Solve for x: 3(2x − 4) − 2(5 − x) = 18

x = 5

## Exercises

In Exercises 1-16, solve the equation.

1. −9x + x = −8

2. 4x − 5x = −3

3. −4=3x − 4x

4. −6 = −5x + 7x

5. 27x + 51 = −84

6. −20x + 46 = 26

7. 9=5x + 9 − 6x

8. −6 = x + 3 − 4x

9. 0= −18x + 18

10. 0= −x + 71

11. 41 = 28x + 97

12. −65 = −x − 35

13. 8x − 8 − 9x = −3

14. 6x + 7 − 9x = 4

15. −85x + 85 = 0

16. 17x − 17 = 0

In Exercises 17-34, solve the equation.

17. −6x = −5x − 9

18. −5x = −3x − 2

19. 6x − 7=5x

20. 3x +8= −5x

21. 4x − 3=5x − 1

22. x − 2=9x − 2

23. −3x +5=3x − 1

24. −5x +9= −4x − 3

25. −5x = −3x + 6

26. 3x = 4x − 6

27. 2x − 2=4x

28. 6x − 4=2x

29. −6x +8= −2x

30. 4x − 9=3x

31. 6x = 4x − 4

32. −8x = −6x + 8

33. −8x +2= −6x + 6

34. −3x +6= −2x − 5

In Exercises 35-52, solve the equation.

35. 1 − (x − 2) = −3

36. 1 − 8(x − 8) = 17

37. −7x + 6(x + 8) = −2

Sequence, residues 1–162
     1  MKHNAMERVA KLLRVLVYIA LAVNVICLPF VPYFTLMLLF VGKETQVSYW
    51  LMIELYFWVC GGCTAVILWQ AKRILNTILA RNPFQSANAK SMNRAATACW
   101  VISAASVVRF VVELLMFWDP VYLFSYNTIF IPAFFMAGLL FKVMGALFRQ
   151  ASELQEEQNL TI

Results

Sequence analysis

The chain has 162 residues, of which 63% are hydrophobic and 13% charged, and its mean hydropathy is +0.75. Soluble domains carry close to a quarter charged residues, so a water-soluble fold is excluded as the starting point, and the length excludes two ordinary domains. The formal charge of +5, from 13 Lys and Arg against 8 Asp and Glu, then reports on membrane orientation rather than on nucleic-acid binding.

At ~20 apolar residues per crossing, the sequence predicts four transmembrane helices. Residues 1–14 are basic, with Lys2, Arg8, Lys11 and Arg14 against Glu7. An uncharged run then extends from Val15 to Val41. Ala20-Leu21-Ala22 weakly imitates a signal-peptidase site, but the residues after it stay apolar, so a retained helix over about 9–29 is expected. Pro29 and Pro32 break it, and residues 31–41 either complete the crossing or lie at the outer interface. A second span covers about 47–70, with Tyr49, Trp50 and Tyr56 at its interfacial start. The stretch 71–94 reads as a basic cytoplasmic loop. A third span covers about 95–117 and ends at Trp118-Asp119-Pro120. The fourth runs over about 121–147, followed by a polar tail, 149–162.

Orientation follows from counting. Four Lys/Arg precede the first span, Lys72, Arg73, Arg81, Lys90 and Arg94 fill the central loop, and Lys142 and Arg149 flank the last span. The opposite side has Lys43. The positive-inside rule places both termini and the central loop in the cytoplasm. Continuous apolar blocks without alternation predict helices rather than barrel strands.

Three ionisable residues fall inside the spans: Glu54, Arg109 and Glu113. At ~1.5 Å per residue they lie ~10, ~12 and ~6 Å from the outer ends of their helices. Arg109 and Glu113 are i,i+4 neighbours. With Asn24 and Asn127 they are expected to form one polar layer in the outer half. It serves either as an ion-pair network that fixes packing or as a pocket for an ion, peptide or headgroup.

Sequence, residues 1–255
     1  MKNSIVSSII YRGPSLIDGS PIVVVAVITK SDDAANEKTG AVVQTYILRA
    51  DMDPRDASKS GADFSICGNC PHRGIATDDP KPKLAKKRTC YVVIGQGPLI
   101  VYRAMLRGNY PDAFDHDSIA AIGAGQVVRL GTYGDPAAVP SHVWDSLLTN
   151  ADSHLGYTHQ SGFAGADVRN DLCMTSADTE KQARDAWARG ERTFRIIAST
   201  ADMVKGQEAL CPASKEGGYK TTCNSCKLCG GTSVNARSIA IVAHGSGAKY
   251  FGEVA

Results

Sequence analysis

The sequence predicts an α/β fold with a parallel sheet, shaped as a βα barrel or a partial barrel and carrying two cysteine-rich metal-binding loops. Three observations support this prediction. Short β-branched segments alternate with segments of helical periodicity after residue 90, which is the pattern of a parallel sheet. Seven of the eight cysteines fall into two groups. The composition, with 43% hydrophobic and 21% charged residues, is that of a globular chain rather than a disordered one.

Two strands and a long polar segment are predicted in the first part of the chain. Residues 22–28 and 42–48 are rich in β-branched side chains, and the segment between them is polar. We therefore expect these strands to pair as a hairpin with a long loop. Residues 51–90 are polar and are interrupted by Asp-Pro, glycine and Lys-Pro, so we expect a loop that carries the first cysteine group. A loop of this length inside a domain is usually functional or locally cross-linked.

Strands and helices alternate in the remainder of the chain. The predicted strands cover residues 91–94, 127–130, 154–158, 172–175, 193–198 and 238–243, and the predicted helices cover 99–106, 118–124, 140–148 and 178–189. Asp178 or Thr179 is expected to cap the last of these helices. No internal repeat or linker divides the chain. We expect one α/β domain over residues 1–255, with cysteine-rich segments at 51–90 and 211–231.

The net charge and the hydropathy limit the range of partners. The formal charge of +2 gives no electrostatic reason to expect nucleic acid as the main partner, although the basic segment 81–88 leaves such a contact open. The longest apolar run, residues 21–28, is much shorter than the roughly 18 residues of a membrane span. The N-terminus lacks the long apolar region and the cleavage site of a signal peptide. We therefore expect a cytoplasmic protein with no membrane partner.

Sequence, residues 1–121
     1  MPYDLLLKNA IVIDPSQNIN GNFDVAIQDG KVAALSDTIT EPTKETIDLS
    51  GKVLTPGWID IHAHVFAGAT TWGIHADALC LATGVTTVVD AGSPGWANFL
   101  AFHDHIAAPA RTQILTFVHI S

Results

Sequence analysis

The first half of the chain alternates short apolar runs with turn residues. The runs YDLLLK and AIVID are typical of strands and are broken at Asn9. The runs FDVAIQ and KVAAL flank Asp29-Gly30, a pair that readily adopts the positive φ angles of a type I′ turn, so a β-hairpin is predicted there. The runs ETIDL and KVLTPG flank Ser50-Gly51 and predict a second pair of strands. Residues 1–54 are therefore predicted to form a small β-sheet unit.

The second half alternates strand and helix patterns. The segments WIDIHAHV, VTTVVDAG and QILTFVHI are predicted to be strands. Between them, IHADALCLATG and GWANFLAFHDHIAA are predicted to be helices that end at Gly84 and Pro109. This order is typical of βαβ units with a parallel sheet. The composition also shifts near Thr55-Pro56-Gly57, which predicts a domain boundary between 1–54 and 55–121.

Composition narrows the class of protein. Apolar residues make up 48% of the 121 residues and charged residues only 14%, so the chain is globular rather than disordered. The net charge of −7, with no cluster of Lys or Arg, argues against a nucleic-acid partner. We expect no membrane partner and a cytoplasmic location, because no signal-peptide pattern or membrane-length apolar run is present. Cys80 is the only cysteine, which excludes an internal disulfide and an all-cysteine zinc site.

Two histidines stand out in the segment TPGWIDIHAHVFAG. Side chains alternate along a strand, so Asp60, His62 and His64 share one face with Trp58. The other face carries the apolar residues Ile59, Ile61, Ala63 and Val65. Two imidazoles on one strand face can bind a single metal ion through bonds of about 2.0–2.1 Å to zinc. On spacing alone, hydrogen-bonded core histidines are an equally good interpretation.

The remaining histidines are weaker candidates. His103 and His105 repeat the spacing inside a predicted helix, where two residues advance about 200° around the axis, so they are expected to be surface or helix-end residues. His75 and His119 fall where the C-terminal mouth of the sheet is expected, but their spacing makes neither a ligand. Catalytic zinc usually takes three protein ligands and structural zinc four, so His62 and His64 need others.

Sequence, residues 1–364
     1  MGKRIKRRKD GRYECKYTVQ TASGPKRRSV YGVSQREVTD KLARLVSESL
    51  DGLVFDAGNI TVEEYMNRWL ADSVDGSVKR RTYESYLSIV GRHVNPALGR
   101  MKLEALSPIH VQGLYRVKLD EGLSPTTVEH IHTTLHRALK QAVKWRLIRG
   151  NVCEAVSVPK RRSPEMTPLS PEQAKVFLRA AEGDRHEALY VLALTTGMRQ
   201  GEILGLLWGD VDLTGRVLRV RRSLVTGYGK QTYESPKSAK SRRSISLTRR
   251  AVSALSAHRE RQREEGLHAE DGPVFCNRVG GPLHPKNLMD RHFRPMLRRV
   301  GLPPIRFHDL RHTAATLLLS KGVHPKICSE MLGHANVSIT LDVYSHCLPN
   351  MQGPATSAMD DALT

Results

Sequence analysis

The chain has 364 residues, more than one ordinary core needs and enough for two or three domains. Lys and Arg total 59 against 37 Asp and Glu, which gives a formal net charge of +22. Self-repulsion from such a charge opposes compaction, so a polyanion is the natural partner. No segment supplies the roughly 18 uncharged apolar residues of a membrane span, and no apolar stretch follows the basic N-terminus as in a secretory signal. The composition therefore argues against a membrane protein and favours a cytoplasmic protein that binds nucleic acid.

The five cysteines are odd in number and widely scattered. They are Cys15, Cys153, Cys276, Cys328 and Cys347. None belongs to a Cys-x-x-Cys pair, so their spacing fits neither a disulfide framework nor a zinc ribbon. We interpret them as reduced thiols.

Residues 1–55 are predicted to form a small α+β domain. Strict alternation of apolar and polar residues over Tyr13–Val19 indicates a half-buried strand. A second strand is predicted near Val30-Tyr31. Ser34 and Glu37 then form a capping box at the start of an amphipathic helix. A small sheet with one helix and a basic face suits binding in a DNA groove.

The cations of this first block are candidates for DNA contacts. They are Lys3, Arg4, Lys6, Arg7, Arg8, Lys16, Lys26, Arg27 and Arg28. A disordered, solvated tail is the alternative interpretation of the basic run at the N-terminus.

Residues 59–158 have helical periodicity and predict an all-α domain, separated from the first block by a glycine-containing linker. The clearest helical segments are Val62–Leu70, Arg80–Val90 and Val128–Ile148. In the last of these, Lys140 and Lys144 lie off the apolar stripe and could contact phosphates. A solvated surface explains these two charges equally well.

38. −8x + 4(x + 7) = −12

39. 8(−6x − 1) = −8

40. −7(−2x − 4) = −14

41. −7(−4x − 6) = −14

42. −2(2x + 8) = −8

43. 2 − 9(x − 5) = −16

44. 7 − 2(x + 4) = −1

45. 7x + 2(x + 9) = −9

46. −8x + 7(x − 2) = −14

47. 2(−x + 8) = 10

48. 2(−x − 2) = 10

49. 8 + 2(x − 5) = −4

50. −5 + 2(x + 5) = −5

51. 9x − 2(x + 5) = −10

52. −8x − 5(x − 3) = 15

In Exercises 53-68, solve the equation.

53. 4(−7x + 5) + 8 = 3(−9x − 1) − 2

54. −4(−x + 9) + 5 = −(−5x − 4) − 2

55. −8(−2x − 6) = 7(5x − 1) − 2

56. 5(−4x − 8) = −9(−6x + 4) − 4

57. 2(2x − 9) + 5 = −7(−x − 8)

58. −6(−4x − 9) + 4 = −2(−9x − 8)

59. 6(−3x + 4) − 6 = −8(2x + 2) − 8

60. −5(5x − 9) − 3 = −4(2x + 5) − 6

61. 2(−2x − 3) = 3(−x + 2)

62. −2(7x + 1) = −2(3x − 7)

63. −5(−9x + 7) + 7 = −(−9x − 8)

64. 7(−2x − 6) + 1 = 9(−2x + 7)

65. 5(5x − 2) = 4(8x + 1)

66. 5(−x − 4) = −(−x + 8)

67. −7(9x − 6) = 7(5x + 7) − 7

68. −8(2x + 1) = 2(−9x + 8) − 2

1. 1

3. 4

5. −5

7. 0

9. 1

11. −2

13. −5

15. 1

17. 9

19. 7

21. −2

23. 1

25. −3

27. −1

29. 2

31. −2

33. −2

35. 6

37. 50

39. 0

41. −2

43. 7

45. −3

47. 3

49. −1

51. 0

53. 33

55. 3

57. −23

59. 21

61. −12

63. 1

65. −2

67. 0

This page titled 4.6.1: Solving Equations Involving Integers is shared under a CC BY-NC-SA license and was authored, remixed, and/or curated by David Arnold.